According to a recent news article, Bryce Feighner, director of the Michigan DEQ Drinking Water and Municipal Assistance Division, pointed to a number of water main breaks as the potential cause of Flint’s water crisis instead of the improper treatment of the city’s water.
“It was surprising and unfortunate to hear Bryce (Feighner), someone who has been in Flint for months to assist the City in the recovery of the water crisis, make the remarks he made while speaking at a conference at Grand Valley State University last week,” said Weaver in a May 1, 2017 statement. “I feel it is disappointing, damaging and also irresponsible for an MDEQ official to say that ‘hype’ hurt the people of Flint even more than the water crisis itself.”
Feighner shared his thoughts on the Flint water crisis during a April 27, 2017 conference in Grand Rapids titled, “Flint: What Really Happened?”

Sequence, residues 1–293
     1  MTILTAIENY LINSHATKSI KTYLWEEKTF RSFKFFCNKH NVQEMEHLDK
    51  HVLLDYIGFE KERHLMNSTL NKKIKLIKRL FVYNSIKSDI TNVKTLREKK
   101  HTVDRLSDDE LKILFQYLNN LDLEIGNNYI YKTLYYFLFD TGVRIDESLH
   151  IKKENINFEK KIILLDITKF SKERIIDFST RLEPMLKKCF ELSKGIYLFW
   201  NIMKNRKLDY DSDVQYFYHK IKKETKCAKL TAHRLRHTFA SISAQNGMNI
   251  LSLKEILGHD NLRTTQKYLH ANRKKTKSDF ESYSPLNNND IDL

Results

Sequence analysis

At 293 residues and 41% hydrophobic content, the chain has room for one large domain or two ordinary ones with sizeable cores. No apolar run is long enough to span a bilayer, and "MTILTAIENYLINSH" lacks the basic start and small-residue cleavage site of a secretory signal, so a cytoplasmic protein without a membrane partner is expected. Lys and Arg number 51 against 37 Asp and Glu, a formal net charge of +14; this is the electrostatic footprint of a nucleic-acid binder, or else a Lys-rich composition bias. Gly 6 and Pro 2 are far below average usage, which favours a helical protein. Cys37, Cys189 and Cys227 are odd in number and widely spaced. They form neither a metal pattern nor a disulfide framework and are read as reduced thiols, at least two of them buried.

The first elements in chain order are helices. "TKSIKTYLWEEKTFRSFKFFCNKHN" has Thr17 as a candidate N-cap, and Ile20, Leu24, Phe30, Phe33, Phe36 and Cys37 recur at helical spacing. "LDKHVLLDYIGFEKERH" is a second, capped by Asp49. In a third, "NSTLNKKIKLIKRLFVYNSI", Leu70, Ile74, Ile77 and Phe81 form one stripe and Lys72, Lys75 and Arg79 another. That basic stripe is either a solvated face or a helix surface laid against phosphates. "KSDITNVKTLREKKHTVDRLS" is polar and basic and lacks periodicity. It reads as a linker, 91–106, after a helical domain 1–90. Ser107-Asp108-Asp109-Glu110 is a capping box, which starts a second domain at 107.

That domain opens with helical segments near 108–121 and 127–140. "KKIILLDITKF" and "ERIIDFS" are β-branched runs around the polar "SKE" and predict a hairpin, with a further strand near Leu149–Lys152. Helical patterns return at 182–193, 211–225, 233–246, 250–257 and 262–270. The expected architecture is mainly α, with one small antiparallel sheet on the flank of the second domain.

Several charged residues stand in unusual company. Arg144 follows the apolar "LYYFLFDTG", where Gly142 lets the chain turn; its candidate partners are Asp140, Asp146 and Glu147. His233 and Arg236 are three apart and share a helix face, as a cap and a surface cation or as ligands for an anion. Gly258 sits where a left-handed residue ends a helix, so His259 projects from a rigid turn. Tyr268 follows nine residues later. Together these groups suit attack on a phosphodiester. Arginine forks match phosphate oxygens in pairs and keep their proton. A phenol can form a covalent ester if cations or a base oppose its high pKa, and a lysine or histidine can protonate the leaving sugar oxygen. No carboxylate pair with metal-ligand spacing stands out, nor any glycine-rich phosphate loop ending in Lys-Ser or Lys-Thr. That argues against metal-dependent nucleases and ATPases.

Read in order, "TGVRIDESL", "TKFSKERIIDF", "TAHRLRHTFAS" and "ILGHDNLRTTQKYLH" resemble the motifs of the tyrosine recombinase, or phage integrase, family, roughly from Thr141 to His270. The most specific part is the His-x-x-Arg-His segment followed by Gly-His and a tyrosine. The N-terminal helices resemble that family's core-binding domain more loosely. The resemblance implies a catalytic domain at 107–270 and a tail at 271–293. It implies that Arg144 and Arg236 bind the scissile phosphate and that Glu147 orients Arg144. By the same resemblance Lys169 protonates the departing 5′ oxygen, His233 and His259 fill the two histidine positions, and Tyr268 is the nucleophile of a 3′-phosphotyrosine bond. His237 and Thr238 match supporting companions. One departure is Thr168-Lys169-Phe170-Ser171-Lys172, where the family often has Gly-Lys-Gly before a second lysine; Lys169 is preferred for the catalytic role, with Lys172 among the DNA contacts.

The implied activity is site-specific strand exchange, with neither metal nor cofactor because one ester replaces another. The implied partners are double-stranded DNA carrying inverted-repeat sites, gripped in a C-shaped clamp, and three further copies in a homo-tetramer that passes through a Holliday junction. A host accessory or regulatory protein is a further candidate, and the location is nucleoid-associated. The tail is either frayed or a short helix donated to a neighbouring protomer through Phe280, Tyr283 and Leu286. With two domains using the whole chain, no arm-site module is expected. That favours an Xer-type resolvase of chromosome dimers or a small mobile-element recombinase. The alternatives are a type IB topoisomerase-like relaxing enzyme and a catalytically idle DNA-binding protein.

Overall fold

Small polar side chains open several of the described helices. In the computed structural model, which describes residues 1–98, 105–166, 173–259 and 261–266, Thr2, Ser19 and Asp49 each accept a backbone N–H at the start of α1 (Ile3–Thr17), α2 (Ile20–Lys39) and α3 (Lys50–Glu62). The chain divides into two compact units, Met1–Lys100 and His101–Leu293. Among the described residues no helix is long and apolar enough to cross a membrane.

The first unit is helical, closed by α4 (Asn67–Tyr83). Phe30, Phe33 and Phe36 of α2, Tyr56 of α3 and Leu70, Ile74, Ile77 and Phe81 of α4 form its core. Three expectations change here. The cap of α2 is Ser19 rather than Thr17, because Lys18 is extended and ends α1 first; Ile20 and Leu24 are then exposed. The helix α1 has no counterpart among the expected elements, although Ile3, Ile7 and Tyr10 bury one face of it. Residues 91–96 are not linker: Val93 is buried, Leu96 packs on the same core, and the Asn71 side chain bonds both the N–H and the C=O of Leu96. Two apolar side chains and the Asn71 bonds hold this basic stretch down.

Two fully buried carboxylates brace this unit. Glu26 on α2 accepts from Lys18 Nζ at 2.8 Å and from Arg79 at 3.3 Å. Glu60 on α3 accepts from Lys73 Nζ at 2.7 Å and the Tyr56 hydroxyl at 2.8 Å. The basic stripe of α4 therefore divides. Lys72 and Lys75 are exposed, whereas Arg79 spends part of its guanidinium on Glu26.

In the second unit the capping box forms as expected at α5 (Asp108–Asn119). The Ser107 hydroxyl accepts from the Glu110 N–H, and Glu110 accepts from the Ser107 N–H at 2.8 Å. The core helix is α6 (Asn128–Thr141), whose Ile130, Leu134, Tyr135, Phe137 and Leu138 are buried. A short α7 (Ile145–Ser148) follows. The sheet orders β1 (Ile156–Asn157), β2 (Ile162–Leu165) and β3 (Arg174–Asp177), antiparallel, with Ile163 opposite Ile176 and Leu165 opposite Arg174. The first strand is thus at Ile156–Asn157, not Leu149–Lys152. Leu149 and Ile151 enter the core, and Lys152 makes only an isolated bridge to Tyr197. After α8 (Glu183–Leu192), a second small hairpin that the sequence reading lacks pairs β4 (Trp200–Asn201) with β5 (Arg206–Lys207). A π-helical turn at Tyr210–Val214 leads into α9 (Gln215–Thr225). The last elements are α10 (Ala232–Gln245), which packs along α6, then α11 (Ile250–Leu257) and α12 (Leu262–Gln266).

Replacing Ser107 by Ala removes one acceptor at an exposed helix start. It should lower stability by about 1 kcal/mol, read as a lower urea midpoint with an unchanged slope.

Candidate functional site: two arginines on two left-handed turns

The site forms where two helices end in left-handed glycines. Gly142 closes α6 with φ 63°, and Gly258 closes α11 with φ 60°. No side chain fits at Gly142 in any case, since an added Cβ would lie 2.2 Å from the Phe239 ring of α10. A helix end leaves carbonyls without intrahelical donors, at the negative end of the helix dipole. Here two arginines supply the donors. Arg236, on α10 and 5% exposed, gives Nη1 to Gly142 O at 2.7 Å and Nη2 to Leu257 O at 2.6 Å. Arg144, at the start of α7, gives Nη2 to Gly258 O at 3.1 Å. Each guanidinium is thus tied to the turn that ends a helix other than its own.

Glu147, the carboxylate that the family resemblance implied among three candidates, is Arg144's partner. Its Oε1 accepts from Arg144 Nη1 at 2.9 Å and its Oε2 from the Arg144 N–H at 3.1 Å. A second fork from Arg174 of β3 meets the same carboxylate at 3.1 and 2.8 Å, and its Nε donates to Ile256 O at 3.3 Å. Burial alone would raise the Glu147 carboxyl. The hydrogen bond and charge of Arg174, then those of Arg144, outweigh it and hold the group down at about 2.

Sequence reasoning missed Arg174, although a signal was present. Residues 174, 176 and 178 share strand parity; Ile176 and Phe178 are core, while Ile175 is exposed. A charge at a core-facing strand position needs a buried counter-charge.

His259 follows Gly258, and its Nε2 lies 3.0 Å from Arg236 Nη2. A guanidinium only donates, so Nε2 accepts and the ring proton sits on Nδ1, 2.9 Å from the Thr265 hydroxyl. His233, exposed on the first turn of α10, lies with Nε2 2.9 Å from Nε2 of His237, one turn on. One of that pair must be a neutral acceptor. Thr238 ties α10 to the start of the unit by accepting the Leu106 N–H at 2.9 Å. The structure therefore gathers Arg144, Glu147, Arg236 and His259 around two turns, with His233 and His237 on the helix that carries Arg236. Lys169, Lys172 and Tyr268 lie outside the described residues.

In 2014, Flint switched water sources under the leadership of a state-appointed emergency manager. In 2015 it was reported that Flint children had elevated blood lead levels since the city switched from using Detroit for its water to the Flint River.
Since then, experts have pointed to the city’s switch and the lack of properly treating the water as the blame for Flint’s water crisis.
“All of the studies I have seen show the main cause of the water crisis was indeed the switch to the Flint River without the proper corrosion control being in place,” Weaver said. “It’s puzzling to hear Bryce all of a sudden dispute that.”
Federal, state and local officials have been working to regain the trust of the Flint community by hosting town hall meetings, sending out various communications and working to be transparent with information.
Weaver said Feighner’s statement is a step in the wrong direction to regain that trust.
“People often ask me, ‘How do we rebuild the residents’ trust?’ Well, statements like this made by a government official that goes against everything so many have been working toward based on facts presented by scientists and other experts, certainly doesn’t help,” Weaver said.